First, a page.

My latest article has been posted on AlterNet, Why the Anti-Science Creationist Movement Is So Dangerous. In it, I survey the history of the modern creationist movement, point out how it’s completely captured one of America’s two major political parties, and illuminate the larger ideological goals that lie behind the assault on evolution. Read the excerpt below, then click through and see the rest!
A few weeks ago, Jon Huntsman torpedoed his candidacy for the Republican presidential nomination by making the following announcement: “To be clear. I believe in evolution and trust scientists on global warming. Call me crazy.”
It’s a pathetic commentary on the anti-intellectualism rampant in American politics that this is newsworthy. A major-party candidate announces that he doesn’t deny a foundational theory of modern science! In fact, given the political atmosphere in the Republican party, it’s not just newsworthy but a daring act: polls have shown that almost 70 percent of Republicans deny evolution.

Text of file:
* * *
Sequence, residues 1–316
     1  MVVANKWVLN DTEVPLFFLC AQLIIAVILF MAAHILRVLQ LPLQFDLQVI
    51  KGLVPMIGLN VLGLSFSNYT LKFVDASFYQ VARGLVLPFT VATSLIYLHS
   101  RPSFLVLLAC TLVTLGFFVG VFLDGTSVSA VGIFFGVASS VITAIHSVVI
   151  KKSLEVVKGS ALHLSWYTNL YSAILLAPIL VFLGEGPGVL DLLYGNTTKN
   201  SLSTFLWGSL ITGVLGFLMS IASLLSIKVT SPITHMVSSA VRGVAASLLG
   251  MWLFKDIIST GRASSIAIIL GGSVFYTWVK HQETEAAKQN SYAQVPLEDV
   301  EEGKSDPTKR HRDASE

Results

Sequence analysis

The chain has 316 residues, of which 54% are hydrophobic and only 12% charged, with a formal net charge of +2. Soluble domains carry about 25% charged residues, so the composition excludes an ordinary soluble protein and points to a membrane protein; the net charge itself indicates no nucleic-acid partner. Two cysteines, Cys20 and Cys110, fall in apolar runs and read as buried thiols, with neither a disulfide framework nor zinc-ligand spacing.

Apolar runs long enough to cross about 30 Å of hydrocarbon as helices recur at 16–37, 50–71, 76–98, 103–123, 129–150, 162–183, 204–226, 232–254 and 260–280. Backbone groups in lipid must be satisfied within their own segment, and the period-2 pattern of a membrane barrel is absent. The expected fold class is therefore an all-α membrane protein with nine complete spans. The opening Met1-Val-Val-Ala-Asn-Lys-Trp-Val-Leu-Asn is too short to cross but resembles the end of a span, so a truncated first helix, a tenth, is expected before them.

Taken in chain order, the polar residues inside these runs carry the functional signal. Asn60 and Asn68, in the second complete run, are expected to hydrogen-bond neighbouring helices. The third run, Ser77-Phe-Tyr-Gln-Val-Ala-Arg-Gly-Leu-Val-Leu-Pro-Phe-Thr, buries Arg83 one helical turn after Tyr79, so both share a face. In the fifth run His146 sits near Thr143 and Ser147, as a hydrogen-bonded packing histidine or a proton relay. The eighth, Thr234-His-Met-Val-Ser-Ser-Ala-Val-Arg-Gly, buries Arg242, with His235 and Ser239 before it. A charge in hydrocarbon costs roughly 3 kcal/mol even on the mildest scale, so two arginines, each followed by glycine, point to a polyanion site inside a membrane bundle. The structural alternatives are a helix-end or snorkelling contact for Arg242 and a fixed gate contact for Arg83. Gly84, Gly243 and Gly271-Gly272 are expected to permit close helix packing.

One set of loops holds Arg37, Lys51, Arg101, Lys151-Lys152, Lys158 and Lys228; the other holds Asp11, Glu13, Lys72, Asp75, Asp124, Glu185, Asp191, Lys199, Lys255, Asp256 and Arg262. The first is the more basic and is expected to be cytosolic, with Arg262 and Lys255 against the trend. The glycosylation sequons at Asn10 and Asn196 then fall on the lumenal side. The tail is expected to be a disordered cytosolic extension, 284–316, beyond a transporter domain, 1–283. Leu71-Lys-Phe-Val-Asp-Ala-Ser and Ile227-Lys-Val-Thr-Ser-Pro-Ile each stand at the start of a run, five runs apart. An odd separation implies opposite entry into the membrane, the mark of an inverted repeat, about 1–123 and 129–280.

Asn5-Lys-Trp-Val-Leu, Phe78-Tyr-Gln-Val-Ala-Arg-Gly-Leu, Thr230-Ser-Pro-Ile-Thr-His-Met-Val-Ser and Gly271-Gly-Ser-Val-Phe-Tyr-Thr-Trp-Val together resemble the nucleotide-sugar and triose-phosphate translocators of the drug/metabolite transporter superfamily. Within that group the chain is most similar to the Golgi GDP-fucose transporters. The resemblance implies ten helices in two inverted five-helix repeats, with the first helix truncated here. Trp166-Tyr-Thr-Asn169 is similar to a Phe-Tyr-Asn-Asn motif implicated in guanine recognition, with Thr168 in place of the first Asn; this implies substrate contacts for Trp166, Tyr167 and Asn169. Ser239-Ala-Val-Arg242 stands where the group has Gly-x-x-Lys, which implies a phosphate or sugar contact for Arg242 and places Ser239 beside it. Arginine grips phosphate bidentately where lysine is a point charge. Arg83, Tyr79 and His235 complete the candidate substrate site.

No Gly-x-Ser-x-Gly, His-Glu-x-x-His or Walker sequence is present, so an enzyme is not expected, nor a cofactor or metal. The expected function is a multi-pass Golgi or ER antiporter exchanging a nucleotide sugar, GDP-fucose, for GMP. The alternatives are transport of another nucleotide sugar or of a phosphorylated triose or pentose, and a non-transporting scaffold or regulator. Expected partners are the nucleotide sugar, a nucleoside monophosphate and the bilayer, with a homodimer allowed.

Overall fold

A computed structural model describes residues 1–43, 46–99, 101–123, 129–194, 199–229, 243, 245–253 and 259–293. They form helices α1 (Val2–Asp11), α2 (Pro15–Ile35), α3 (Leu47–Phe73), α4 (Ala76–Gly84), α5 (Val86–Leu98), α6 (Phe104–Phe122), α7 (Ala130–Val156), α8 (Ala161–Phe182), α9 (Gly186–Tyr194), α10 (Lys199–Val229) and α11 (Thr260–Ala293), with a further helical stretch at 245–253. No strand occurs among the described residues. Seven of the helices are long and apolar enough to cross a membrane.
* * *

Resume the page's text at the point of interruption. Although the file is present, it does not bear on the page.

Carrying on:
Huntsman is clearly trying to position himself as the moderate candidate. But while that strategy might play well in the general election, it won’t do him any good unless he can get the Republican nomination. And to win that nomination, he has to get past a huge obstacle: a solid bloc of Republican primary voters who are emphatically anti-science. This isn’t an exaggeration for polemical effect; it’s the plain truth. The modern Republican party has made a fervent rejection of scientific consensus its defining attribute — both on evolution and climate change, as well as in other fields — and Huntsman’s refusal to submit to party orthodoxy is likely a fatal blow to his chances.